Cosmetic Dermatology in Menopause

Yakir S. Levin, MD, PhD


Menopause. 2022;29(3):344-350. 

In This Article

Abstract and Introduction


Skin changes that accompany aging lead many to seek treatments that restore a more youthful appearance. Common issues of concern include skin tone, wrinkles, skin thinning, sagging, laxity and decreased elasticity, and hollowing of the face. This work discusses these concerns and their anatomic bases and highlights evidence for a causal role played by menopause-associated hormonal changes where such evidence exists. In addition, treatment options are discussed, with an emphasis on minimally invasive approaches. A variety of modalities are discussed, including botulinum toxins, fillers, multiple types of lasers, radiofrequency devices, focused ultrasound, chemical peels, and thread lifts. These interventions, often in combination, can achieve goals of patients seeking aesthetic rejuvenation.


Skin changes that accompany aging lead many to seek treatments that restore a more youthful appearance. The aging process is often divided into intrinsic aging and extrinsic aging, where intrinsic aging progresses with chronological age and is independent of external factors. Extrinsic aging is associated with environmental causes, including smoking and other toxins, but primarily long-term exposure to ultraviolet light.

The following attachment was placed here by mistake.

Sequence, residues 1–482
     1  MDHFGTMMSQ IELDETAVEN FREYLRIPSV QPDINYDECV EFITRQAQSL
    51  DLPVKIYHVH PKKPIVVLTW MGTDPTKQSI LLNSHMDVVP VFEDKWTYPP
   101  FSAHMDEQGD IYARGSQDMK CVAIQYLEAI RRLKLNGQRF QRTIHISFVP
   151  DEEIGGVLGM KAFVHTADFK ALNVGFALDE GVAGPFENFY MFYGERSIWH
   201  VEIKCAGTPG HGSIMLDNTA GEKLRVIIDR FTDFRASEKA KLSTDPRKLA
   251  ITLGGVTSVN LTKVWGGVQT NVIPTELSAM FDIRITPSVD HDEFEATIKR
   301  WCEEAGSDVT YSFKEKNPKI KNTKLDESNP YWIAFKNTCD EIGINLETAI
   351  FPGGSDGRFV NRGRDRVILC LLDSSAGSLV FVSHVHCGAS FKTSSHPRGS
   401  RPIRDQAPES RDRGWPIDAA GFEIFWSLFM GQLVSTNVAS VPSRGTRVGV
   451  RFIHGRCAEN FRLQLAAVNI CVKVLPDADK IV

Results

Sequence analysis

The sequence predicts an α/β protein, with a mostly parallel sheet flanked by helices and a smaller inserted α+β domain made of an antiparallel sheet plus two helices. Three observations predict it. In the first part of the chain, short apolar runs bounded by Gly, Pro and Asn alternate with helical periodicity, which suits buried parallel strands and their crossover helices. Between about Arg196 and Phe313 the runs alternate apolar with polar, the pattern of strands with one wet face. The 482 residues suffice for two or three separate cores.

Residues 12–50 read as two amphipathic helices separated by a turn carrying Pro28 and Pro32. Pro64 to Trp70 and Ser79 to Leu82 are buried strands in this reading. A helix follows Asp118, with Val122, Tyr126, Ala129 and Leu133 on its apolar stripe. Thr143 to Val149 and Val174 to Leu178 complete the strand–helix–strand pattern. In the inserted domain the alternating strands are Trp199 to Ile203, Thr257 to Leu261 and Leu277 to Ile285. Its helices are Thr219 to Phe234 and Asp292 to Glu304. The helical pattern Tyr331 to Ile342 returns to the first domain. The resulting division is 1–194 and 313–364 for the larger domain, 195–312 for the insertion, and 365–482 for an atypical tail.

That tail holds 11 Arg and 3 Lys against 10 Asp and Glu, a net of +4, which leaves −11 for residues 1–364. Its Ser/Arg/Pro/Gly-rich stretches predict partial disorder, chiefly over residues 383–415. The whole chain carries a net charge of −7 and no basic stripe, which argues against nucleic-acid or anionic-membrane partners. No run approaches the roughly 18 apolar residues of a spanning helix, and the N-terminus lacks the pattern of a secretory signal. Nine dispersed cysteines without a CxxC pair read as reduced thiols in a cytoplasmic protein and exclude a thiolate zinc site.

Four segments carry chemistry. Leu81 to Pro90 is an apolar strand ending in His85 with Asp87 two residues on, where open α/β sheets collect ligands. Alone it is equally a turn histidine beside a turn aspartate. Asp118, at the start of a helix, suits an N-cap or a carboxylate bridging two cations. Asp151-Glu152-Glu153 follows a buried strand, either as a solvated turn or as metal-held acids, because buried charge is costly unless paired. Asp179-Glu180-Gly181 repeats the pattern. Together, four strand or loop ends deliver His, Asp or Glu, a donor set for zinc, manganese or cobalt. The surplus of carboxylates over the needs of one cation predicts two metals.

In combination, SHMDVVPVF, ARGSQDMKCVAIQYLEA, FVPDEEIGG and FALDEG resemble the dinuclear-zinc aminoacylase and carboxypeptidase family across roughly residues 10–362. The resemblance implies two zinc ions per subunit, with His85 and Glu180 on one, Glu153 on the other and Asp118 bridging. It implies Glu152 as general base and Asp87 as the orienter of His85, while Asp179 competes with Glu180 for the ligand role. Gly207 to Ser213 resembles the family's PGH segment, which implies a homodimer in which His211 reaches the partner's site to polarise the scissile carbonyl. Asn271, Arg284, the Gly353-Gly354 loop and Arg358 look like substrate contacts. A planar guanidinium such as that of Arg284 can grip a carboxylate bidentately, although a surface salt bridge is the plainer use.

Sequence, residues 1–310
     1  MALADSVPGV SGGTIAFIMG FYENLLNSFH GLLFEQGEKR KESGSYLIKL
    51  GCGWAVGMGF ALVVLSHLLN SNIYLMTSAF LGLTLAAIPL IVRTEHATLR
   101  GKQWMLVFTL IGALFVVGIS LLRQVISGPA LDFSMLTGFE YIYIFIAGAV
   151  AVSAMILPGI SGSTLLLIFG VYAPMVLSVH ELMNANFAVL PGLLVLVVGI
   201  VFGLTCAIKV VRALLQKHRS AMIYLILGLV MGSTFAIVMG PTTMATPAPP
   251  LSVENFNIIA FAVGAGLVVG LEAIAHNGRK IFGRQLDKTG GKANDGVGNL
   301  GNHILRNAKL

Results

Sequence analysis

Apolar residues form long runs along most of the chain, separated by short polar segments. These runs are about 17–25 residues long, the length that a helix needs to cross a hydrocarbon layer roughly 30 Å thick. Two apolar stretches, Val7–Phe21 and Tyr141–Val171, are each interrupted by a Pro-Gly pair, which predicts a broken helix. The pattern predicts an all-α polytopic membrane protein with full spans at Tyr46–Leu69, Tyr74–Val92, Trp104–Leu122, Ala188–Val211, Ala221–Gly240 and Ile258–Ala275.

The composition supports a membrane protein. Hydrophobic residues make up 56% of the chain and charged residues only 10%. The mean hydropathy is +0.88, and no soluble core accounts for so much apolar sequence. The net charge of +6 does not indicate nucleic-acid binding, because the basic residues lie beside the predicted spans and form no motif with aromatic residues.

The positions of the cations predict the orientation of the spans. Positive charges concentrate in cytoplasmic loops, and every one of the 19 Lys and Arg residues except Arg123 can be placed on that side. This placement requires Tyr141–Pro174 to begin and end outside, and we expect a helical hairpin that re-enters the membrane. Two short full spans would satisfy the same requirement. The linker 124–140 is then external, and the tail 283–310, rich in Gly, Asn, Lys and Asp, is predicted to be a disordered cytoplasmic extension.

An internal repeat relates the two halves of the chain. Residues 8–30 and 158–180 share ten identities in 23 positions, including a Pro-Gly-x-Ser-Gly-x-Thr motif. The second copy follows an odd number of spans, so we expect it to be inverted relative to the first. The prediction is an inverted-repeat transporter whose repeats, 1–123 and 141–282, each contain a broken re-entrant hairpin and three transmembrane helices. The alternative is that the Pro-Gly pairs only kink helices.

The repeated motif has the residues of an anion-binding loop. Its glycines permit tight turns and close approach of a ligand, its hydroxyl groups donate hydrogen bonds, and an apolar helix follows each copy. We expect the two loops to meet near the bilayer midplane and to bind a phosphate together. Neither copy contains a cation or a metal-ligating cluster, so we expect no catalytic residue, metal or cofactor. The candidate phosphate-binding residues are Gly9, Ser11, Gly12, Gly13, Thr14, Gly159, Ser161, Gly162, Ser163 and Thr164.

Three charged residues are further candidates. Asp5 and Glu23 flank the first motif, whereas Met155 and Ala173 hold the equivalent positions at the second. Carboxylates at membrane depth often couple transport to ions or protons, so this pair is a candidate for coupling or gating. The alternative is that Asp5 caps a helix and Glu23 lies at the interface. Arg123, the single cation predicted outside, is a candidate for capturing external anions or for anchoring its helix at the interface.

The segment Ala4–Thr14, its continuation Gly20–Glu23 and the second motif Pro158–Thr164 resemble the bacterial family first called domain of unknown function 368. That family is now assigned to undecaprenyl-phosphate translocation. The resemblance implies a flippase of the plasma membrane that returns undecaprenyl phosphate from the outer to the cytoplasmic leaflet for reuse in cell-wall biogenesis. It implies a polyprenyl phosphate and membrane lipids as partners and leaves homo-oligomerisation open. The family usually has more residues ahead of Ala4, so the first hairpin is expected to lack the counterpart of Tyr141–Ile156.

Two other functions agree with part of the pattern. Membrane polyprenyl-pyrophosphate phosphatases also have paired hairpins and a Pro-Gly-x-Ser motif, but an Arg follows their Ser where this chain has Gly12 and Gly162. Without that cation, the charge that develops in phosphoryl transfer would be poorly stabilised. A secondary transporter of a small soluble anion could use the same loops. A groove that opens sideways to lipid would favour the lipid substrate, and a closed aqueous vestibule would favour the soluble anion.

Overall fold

There is evidence that menopause, characterized by a decrease in ovarian synthesis of estradiol and progesterone, plays a role in intrinsic skin aging.[1,2] The evidence derives from studies of skin function, content, and thickness that have been performed on postmenopausal women using systemic or topical hormone therapy (HT), as well as in mouse models of menopause.

This works endeavors to summarize many of the cosmetic concerns faced by women during and after menopause, as well as available treatment options. The focus is on facial cosmetic issues, and emphasis is placed on minimally invasive treatment options. However, many of the concerns and treatment options are relevant off-the-face as well. Changes that occur in the skin and subcutaneous tissues, whether due to extrinsic or intrinsic causes, are discussed. Evidence for a causal role of menopause-associated hormonal changes is presented where such evidence is available. Common conditions for which postmenopausal women may seek cosmetic treatment are then addressed; treatment approaches are summarized, with a focus on noninvasive and minimally invasive options.